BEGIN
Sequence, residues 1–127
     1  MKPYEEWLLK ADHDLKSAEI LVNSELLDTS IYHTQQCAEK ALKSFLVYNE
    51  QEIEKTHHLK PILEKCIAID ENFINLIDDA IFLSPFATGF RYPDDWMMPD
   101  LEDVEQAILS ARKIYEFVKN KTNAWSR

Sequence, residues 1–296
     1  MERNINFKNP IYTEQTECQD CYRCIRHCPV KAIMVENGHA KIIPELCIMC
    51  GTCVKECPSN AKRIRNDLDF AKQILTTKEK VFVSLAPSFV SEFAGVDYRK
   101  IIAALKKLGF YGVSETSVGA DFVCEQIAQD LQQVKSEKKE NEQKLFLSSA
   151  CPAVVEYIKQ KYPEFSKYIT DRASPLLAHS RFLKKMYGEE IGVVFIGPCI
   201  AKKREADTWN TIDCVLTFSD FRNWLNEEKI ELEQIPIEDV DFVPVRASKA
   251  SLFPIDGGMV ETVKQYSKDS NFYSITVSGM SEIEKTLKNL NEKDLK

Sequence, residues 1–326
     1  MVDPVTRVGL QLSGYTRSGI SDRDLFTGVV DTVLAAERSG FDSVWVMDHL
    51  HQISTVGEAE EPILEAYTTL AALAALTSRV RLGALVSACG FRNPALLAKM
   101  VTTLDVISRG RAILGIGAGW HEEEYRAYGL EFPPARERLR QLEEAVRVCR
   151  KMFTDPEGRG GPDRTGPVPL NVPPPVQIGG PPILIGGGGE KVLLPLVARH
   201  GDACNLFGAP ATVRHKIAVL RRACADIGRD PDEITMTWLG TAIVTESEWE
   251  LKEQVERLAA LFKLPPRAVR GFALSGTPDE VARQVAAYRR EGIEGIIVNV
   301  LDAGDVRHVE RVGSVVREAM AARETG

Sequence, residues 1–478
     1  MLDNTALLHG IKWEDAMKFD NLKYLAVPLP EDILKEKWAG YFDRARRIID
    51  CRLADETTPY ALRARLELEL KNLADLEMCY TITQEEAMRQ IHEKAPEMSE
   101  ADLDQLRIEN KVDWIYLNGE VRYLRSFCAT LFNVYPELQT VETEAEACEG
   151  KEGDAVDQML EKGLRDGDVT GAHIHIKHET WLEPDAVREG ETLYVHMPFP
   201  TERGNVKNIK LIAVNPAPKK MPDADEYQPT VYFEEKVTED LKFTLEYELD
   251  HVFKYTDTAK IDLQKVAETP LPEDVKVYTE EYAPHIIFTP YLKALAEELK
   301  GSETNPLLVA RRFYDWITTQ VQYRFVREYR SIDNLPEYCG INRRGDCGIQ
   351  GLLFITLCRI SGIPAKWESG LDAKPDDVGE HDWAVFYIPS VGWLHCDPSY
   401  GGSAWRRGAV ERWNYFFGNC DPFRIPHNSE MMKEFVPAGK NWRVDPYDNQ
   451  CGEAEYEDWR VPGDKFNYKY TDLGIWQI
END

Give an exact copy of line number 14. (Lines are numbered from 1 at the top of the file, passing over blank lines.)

    51  HQISTVGEAE EPILEAYTTL AALAALTSRV RLGALVSACG FRNPALLAKM